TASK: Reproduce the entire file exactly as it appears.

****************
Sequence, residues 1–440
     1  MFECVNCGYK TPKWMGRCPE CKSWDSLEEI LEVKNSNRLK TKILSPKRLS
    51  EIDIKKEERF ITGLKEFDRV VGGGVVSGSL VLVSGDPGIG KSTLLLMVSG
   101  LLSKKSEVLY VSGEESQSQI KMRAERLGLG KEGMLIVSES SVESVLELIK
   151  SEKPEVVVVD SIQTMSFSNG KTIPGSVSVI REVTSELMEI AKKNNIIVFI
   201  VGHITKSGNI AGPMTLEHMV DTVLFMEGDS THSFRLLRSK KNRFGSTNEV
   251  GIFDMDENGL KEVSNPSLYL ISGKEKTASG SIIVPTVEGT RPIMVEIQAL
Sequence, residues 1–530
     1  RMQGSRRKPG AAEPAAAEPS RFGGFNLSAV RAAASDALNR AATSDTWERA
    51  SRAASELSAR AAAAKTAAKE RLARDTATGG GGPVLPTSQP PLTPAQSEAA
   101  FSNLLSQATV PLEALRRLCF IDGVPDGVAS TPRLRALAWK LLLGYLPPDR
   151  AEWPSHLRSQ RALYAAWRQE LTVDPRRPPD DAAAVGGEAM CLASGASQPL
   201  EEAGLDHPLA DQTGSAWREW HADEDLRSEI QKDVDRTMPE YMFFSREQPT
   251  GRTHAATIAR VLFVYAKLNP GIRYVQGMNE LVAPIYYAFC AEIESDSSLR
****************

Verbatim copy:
Sequence, residues 1–440
     1  MFECVNCGYK TPKWMGRCPE CKSWDSLEEI LEVKNSNRLK TKILSPKRLS
    51  EIDIKKEERF ITGLKEFDRV VGGGVVSGSL VLVSGDPGIG KSTLLLMVSG
   101  LLSKKSEVLY VSGEESQSQI KMRAERLGLG KEGMLIVSES SVESVLELIK
   151  SEKPEVVVVD SIQTMSFSNG KTIPGSVSVI REVTSELMEI AKKNNIIVFI
   201  VGHITKSGNI AGPMTLEHMV DTVLFMEGDS THSFRLLRSK KNRFGSTNEV
   251  GIFDMDENGL KEVSNPSLYL ISGKEKTASG SIIVPTVEGT RPIMVEIQAL
Sequence, residues 1–530
     1  RMQGSRRKPG AAEPAAAEPS RFGGFNLSAV RAAASDALNR AATSDTWERA
    51  SRAASELSAR AAAAKTAAKE RLARDTATGG GGPVLPTSQP PLTPAQSEAA
   101  FSNLLSQATV PLEALRRLCF IDGVPDGVAS TPRLRALAWK LLLGYLPPDR
   151  AEWPSHLRSQ RALYAAWRQE LTVDPRRPPD DAAAVGGEAM CLASGASQPL
   201  EEAGLDHPLA DQTGSAWREW HADEDLRSEI QKDVDRTMPE YMFFSREQPT
   251  GRTHAATIAR VLFVYAKLNP GIRYVQGMNE LVAPIYYAFC AEIESDSSLR